January 2000 Issue



Anilox roll in anufacturers are investing for now and later, while cleaning technologies take on tomorrow's higher line counts. by Susan Friedman A boy scout mentality pervades the anilox roll industry, where it could be said that the time-worn motto, "Be prepared," has definitely taken root. The flood of recent facility expansions and equipment investments illustrates suppliers' collective decision to keep a ready hand in present and future roll manufacturing methods. As new coating and engraving philosophies continue to assert themselves, ruling a technology out too quickly could leave a manufacturer down and out. CTS President Doug Collins explains anilox roll suppliers have

Basic Flowchart

Water-based inks remain the overall favorite, but UV-, solvent-, and soy-based inks all retain solid usage niches. by Susan Friedman The objective of the third annual packagePRINTING ink usage survey was simple: Take a back-to-basics look at how solvent-based, water-based, UV, and soy-based inks are faring amid package printers' growing number of substrates, specialized and combination printing needs, and environmental concerns. packagePRINTING asked converters to indicate their ink preferences according to print process and end use. Respondents, speaking from all three major package printing sectors, offered up a blend of selections that illustrate united pockets of need with widely divided issues and applications. Looks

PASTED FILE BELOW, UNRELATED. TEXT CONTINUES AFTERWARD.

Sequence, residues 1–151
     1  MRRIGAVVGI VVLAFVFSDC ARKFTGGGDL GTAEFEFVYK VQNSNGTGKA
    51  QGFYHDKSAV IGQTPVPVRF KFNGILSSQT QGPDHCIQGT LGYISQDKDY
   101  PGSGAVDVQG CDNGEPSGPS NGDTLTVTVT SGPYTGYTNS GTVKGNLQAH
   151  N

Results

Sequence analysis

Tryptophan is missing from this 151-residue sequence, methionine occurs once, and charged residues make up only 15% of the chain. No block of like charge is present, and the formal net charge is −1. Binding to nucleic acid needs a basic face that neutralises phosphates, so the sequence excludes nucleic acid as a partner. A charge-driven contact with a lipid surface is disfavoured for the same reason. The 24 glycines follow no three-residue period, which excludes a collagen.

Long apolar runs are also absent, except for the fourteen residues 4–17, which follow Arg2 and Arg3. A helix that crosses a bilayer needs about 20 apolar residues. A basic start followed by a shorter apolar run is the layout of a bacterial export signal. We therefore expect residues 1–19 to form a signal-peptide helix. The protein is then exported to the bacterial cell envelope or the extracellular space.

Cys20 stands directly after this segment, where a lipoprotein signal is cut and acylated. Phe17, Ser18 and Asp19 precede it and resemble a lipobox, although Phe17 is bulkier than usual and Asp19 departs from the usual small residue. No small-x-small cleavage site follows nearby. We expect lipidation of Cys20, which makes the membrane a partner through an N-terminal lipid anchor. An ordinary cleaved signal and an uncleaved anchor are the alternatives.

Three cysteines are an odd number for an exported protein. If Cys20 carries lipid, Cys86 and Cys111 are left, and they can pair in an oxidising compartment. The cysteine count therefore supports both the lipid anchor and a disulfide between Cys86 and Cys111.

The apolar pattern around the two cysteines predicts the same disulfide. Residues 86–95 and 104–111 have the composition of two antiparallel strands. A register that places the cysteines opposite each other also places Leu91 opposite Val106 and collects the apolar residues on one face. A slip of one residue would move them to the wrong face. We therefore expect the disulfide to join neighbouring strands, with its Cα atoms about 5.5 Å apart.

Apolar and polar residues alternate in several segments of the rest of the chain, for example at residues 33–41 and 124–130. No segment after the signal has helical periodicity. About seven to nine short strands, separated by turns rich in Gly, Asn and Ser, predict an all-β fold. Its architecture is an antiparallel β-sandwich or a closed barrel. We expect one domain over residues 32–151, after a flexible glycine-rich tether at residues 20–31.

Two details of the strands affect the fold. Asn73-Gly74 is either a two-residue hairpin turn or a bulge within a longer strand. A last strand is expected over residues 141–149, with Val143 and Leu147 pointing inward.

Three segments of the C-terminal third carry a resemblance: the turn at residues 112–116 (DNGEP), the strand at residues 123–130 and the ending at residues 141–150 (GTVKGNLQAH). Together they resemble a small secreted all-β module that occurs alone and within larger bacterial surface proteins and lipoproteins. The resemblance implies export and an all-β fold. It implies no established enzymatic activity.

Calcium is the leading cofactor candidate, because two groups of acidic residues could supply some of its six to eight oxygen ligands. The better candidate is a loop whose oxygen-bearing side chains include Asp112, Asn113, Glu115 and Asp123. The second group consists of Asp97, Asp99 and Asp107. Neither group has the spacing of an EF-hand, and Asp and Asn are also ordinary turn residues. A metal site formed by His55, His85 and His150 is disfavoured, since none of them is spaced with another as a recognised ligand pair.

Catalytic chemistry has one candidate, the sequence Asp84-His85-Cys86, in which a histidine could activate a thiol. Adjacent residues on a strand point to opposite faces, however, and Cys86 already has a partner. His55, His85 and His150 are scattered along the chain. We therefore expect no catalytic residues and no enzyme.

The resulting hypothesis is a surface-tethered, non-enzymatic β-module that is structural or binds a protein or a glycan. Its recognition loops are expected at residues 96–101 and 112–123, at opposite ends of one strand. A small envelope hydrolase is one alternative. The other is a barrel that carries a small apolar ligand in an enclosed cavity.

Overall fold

Opting for CTP

Implementing CTP may be viewed as a technological journey whose length and destination depend on your operation's starting point. by Terri McConnell Since its phenomenal debut at DRUPA in 1995, computer-to-plate (CTP) technology has been integrated into the daily routines of printers across nearly every commercial and packaging application. Why? Because the benefits of imaging directly to the printing plate surface from digital data are irrefutable. Digitally imaged plates carry sharper dots and are capable of delivering a wider color gamut. They register better on press. They are free of pinholes and the effects of light diffusion associated with analog film-based plate production. CTP

Taking A Second Look at ‘FIRST'

The second edition of Flexographic Image Reproduction Specifications and Tolerances includes nine sections of new guidelines. Will more printers take the plunge and implement it? by Susan Friedman If there's an earthquake, scientists look to the Richter scale to gauge its magnitude. If there's a flexo job in the works, the FFTA hopes printers will turn just as automatically to FIRST (Flexographic Image Reproduction Specifications and Tolerances) for concrete technical indicators. The FIRST guidelines, originally released as a 95-page booklet in November '97, are designed to improve flexo quality and consistency, reduce cycle time, control costs, and put flexo on a level (or better)